Do you, like me, have shifting relationships with your unwanted extra pounds that are based not at all on what your actual weight or body shape is, but on how your mind has decided to perceive them? For instance, I have noticed that when I am at the beginning of some healthy-eating kick I suddenly start treating my body with a lot more kindness, because I’m newly convinced the rolls and dimples are, like, temporary. It’s like if you’ve ever been stuck talking to someone whose company is unpleasant but once escape is imminent you get a burst of generosity because the keys are jingling and what the hell, why not go in for the goodbye hug.

There’s something similar that happens when I’m in one of those Everything Changes Tomorrow modes (aka Diet Starts on Monday). I haven’t even altered my eating yet — in fact, I’ve probably gone overboard with all the soon-to-be-forbidden foods, because that is a ridiculous thing I tend to do over and over again — but I feel calm and settled about the way I look. Because I have a plan. There are gears that will soon be in motion, so that gives me hope that I will no longer be stuck. The emotional charge drains away, my body becomes mostly neutral rather than roiling with character assassinations.

Kindness, calmness, peace. What a relief is is to feel that way. It would be awfully great if I could find my way to those feelings without subjecting myself to the punishing cycle of restrictions and obsessions, sabotage and failure.

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Om

I’ve been using a guided meditation app called Headspace lately. Correction: I’ve been trying to use this meditation app. It doesn’t seem like it should be that hard, since all you have to do is sit for ten minutes while you listen to recordings of a dude with a pleasant accent. I am super good at breathing on command — I have those inhales and exhales down — but the part where I’m supposed to unwind and gently become mindful … not so much.

The first thing that usually happens as soon as I close my eyes and “slowly become aware of my body, scanning it from top to bottom” is that I become plagued by a series of ferocious itches which completely devour my attention until I get relief, so basically that part of the process is as relaxing as contracting scabies. Then I have something like Restless Everywhere Syndrome, where I get an overwhelming urge to move a hand or elbow or foot or nostril and if I try to hold still I become increasingly uncomfortable until I finally just thrash around like a dying salmon for a few seconds which I guess brings a certain sense of awareness but it’s less of raised consciousness and more along the lines of WHAT THE ACTUAL HELL IS MY DAMAGE HEATHER.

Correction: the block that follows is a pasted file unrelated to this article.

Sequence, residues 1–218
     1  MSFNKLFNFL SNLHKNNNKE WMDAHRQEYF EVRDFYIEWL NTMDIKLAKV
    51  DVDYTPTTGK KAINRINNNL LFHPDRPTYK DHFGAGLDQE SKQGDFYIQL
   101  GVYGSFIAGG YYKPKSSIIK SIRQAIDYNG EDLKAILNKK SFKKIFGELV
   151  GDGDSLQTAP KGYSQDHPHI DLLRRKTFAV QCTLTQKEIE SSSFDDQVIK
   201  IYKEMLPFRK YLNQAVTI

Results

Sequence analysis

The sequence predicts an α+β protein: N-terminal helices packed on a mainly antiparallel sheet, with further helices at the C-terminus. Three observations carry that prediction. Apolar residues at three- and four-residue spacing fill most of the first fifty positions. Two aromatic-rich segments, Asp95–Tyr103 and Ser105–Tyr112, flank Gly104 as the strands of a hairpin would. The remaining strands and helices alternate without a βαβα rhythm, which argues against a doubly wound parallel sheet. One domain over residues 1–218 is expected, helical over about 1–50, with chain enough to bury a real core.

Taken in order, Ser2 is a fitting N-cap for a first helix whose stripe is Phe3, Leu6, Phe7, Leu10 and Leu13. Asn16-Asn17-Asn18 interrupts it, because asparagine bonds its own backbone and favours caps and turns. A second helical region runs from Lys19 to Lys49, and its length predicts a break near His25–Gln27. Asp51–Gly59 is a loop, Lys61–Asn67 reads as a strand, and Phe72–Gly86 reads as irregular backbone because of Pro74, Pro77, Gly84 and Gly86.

At that point the voice is usually saying something soothing about being calmly aware of one’s surroundings and so I become hyper-aware of every sound, which is never, say, the chirping of birds or a peacefully burbling spa fountain, but rather a mounting cacophony of irritations that permeate my earbuds.

Cat, giving herself a bath nearby: Mlem mlem mlem.

Dog, snoring: Snnnnnzzzz. Skkkknnnnnfffff. Nnnnnnffffff.

Children, at the other end of the house: YOU TOUCHED MY DOOMINATOR—

Dog: SNNNNNNKKKKKKKKFFFF.

Cat: Mlem mlem mlem mlem mlem mlem mlem mlem mlem mlem mlem mlem mlem mlem mlem mlem.

Children: —BLASTOTRON AND I TOLD YOU NOT TO TOUCH IT SO NOW I GET TO—

Dog (now dreaming and making little muffled barks): Noop. Woop. MLOOP. MURP! ROOP!

Cat (has hiked a leg in the air and is now focused on her anus): Slep slep slep SLEP. SLLLLEPPP. SHHHHHHHHHHLEP.

Children: NOT PLAYING! NOT PLAYING! STAAAAAHP! MOMMMMMM!

Then there’s a whole stretch of time where the noises do actually recede a bit, because my brain is suddenly super busy thinking about:

• Every stupid thing I’ve ever said ever
• Brad and Angelina: what really went down on that plane?
• Trummmmmp
• That time when I was a kid and I barfed outside of a Toys R Us
• Why are yoga pants all tights now when the bootcut style was so much more flattering?
• Abused dogs
• Pizza for dinner?
• How much I completely suck ass at meditating

By the end of the ten minutes I usually do feel a faint sense of relief and accomplishment, if only because I got through the whole thing without hurling my phone out the window. Small victories = still victories.

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